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Dredd the Art at the V&A
Victoria & Albert (London)
Member Name: mcrouch
Victoria & Albert (London)
Date: 21/07/01, updated on 22/07/01 (155 review reads)
Advantages: Huge place - lots for everyone, Science Museum and Natural History Museum next door, easy to reach in London
Disadvantages: huge place - you could spend all day and more looking at everything
Commentary on an exhibition of original art at the V&A Museum, Print Gallery level 2, Henry Cole Wing from 31 May - 2 September, 2001.
Regular readers of my ops from the Books and Magazines section of dooyoo will know by now that I do love my comic art. I don’t just mean I like reading comics, I mean I love comic art. There has always been a bit of me that’s been a little dismissive of the general consensus of opinion that says that comics are for kids and comic art isn’t real art. For me comic art contains a language and mechanics not found in any other art form and is considered as juvenile simply because of the general content rather than its function. Unlike conventional art forms, with comics the art is a means to an end (ie; it is telling a story) and not an end in itself. To consider it otherwise is a shortsighted view and one that is being partially corrected by a new exhibition at London’s Victoria and Albert Museum.
Art Droids>2000AD is a collection of original artwork from the early days of Britain’s most successful comic, 2000AD. Unfortunately, it seems American and European collectors who take this art more seriously than us Brits have bought up most of the original works and so this collection is as such a small one. It is drawn from the collection of a British comic fan, Rufus Dayglo, a professional animator – kudos to him for allowing fans like me the chance to see original work. The exhibition includes work by long-time comic art stalwarts, Carlos Ezquerra, Mike McMahon, Dave Gibbons, Brendan McCarthy, Brett Ewins, Ron Smith, John Hicklenton and Massimo Bellardinelli.
I won’t go into detail about why I believe comics should be seen as a legitimate art form – you can read some of my past ops for that (hint, hint) but even for visitors who may not be comic fans, there are things to appreciate here. For example, one display case shows the creative impact that 2000AD an
d its writers and artists have had on the American marketplace. Many of the top creators in America now are British, many of them having worked or are working on the American icons like Batman and Superman. This goes back to the eighties when British creators seemed to be flooding the American market and doing everything – for a long time the US didn’t know what had hit them. As such the market has become more irreverent and energetic than ever before. It is hard to imagine the days before 2000AD when the idea of even one British creator working in America would have seemed ludicrous. The impact of the British on international popular art should not be underestimated.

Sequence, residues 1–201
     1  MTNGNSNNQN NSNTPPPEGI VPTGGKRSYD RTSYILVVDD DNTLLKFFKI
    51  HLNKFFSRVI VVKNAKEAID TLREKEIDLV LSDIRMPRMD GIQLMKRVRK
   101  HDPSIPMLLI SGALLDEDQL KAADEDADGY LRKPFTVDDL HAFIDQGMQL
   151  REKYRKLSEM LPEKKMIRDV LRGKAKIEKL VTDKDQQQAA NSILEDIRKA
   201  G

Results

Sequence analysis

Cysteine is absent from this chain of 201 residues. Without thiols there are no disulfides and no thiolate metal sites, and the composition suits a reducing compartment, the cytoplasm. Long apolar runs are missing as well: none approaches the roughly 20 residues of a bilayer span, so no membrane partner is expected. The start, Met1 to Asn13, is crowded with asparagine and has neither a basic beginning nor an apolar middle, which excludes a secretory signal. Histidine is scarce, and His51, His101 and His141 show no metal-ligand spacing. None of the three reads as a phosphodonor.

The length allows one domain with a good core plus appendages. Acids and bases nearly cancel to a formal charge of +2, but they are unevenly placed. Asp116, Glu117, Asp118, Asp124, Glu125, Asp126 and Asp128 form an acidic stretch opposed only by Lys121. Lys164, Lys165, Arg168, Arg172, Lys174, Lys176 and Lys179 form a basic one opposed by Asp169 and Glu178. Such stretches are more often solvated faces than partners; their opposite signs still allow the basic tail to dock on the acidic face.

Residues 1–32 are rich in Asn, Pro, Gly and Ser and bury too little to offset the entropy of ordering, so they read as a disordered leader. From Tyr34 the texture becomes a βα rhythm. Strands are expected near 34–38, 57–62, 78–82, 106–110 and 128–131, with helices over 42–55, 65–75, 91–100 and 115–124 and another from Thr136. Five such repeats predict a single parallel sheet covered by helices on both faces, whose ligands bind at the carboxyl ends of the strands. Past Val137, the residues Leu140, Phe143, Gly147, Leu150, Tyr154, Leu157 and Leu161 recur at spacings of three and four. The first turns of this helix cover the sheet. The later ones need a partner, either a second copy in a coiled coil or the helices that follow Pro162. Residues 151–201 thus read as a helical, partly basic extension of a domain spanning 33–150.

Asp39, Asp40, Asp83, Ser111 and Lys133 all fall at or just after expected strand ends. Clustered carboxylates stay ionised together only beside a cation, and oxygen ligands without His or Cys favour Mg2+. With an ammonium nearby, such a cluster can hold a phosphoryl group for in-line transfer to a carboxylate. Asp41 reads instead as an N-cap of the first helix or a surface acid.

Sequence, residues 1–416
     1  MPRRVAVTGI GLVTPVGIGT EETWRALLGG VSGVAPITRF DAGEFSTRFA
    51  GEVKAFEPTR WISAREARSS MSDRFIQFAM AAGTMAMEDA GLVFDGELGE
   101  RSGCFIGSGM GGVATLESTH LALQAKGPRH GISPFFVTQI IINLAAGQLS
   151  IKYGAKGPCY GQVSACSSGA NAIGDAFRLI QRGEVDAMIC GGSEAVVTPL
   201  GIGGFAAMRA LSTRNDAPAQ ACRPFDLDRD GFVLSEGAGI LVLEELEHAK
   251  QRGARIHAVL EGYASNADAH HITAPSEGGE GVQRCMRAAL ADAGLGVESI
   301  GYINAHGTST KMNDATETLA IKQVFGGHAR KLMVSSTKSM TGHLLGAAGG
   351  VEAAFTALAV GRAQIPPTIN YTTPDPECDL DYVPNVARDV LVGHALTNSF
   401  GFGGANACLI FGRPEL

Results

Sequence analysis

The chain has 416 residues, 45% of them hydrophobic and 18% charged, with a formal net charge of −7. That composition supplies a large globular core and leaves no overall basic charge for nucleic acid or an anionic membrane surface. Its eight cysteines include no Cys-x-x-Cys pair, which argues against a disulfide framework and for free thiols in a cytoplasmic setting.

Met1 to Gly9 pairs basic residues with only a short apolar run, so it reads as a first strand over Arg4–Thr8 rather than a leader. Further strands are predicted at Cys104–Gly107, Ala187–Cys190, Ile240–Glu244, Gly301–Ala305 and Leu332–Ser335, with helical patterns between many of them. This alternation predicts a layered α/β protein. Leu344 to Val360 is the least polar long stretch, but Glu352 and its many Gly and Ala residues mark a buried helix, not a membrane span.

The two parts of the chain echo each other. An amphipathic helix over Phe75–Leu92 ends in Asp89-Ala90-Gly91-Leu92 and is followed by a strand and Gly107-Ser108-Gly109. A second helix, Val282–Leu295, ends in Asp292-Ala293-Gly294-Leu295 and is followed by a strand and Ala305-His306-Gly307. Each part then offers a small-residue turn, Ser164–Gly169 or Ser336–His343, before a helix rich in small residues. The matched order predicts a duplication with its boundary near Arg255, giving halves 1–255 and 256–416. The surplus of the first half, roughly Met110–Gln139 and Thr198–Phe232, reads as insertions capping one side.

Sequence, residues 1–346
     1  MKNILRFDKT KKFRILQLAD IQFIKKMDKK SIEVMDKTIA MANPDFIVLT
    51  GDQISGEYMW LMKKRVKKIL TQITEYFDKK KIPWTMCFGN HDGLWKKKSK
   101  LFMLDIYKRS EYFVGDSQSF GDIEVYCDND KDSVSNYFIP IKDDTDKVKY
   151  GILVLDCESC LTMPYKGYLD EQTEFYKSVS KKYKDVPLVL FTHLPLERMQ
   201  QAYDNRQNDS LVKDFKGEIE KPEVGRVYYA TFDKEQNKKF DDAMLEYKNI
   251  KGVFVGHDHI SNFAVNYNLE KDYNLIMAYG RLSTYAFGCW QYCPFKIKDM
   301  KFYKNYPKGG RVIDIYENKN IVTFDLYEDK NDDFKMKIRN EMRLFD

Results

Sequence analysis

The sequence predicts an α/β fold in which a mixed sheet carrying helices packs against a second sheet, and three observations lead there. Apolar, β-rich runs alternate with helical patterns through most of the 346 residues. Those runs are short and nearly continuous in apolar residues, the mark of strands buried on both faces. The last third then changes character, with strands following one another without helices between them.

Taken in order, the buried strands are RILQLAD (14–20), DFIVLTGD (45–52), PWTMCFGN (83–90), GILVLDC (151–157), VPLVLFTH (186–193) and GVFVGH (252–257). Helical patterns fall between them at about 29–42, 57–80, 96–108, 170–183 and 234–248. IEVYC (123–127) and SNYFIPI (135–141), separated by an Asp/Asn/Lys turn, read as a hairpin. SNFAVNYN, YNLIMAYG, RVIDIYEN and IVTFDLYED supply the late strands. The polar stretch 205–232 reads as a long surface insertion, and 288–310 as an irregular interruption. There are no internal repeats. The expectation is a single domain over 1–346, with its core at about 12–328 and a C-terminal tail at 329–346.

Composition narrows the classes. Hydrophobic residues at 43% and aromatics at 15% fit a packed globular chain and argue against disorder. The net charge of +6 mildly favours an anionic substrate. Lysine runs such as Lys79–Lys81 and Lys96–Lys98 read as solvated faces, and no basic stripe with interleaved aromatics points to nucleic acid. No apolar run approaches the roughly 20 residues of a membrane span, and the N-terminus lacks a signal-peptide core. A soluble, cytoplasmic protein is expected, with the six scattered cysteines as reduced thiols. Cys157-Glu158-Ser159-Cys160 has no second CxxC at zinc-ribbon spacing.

As well as a sketchpad of work by artist Mike McMahon that you can look through (and trust me, art doesn’t get more irreverent than this – it’s like Picasso gone punk), there are about thirty to forty pieces of original art, colour and black and white to pore over. The Total War piece by Dave Gibbons stands as my favourite in the collection – the art is pristine, not a line out of place and packed with detail and things going on. And if you just want to read, well there’s a 16 page (9 prints) Judge Dredd story in painted colour for you running in sequence along the wall. There’s also a very good catalogue you can pick up for nothing – it’s basically four A3 sheets of paper but packed with information, history, sketches and a specially commissioned (for the V&A) b/w print by Mike McMahon that rocks – if you go, don’t forget to pick one up.
For a chance to see original British comic art at its best, you should go and see the Art Droids>2000AD exhibition in the Henry Cole Wing of the V&A (just above the restaurant if you’re hungry). I could go on forever about all the other art collections housed in the V&A but suffice to say there should be something there to cater for most tastes. Admission is £5 fo
r the whole museum and an extra £4 for the Victoriana exhibition that’s currently being held there. And if you are unsure about anything, or just need help finding your way around (it is huge), then ask the staff who are very polite and helpful.
The nearest underground station is South Kensington. The V&A is a very quick walk from there, five minutes at most, on Cromwell Road. Three buses, the C1, 14 and 74 all stop right outside. If you want to make a day of it, then the Science Museum and Natural History Museum (the one with the dinosaurs) are right next door.
And if you are a glutton for gift shops, take lots of money – just don’t expect any comics – an exhibition is one thing but we wouldn’t want to lower the tone of the gift shop, would we?
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